Happy birthday to my brother Jeff! He handles the geek aspects of this Web site in addition to his regular duties as my brother, and he turns, I don’t know, 30 or something today. So happy birthday to him!
The movies I got him for his birthday are “The Break-Up” and the semi-limited-release “District B13.” I enjoyed them both, which puts me in the minority in the case of the former and the majority in the case of the latter.
People going into “The Break-Up” insistent that it be a riotous Vince Vaughn comedy will be disappointed. It isn’t that, and it doesn’t try to be. (Don’t let the faulty marketing ruin the movie for you.) It’s very funny in places, but it’s also a very believable drama about two likable characters. I honestly wanted them to be happy, whether that meant being apart or together.
The characters in “District B13,” meanwhile, are meaningless (though they’re likable enough), with the focus instead on ACTION! ACTION! ACTION! And boy howdy, is there ever action. It’s some of the most fun I’ve had at the movies in a while, reminding me a lot of “The Transporter,” and with good reason: a lot of the same people are involved.
There’s also a limited-release drama called “Peaceful Warrior,” but don’t worry about that. The movie you need to watch for is “The Puffy Chair”. It’s playing in only a handful of cities, but it’s a real gem of a comedy, very laid-back and smart. Seek it out.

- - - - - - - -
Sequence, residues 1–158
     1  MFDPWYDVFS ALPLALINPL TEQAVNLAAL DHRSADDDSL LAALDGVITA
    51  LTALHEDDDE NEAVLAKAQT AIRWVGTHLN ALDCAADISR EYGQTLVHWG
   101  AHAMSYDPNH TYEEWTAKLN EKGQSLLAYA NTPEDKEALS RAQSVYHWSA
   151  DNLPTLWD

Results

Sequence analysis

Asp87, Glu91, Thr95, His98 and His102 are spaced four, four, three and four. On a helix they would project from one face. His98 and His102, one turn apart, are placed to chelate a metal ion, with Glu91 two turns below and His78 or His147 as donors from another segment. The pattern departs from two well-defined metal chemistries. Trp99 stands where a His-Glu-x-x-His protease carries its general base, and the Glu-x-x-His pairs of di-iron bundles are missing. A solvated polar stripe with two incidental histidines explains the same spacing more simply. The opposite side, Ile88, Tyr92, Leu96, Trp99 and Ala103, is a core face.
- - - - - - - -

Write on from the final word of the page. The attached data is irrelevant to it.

I also saw the remake of “The Omen” last night, but since it’s not released until Tuesday (6/6/06, get it?), no review yet. In preparation, my critic pals Dawn Taylor and Mike Russell and I convened at Dawn’s house to watch the original “The Omen” yesterday afternoon, just prior to seeing the remake. We knew the new film had the same screenwriter, and we wanted to have the original fresh in our minds so we could tell how close the two versions are. We’re serious journalists, you know, doing as much research as necessary to get the story.
We ate junk food and made sarcastic comments about the film, which is slow and should have starred overacting Charlton Heston instead of overacting Gregory Peck. (Mike said the remake should star “drunk angry Harrison Ford,” then did a very accurate impression of Mr. Ford.) Gregory Peck and Lee Remick seem so distant to each other as husband and wife. Could it be because he was 60 and she was 40 at the time? Who knows.
Anyway, the remake is astoundingly faithful to the original. Many scenes have the same dialogue word-for-word, and some of the shots even look the same. So why bother remaking it at all? That is an excellent question.
This weekend’s film reviews, along with loads of other movie-related stuff, DVD recommendations and general merriment, can be found in “In the Dark,” which is e-mailed free to lots of people every Friday. Sign up and be part of the crowd. It’s awesome!!!!!!!!!!!!!!!!!!!!!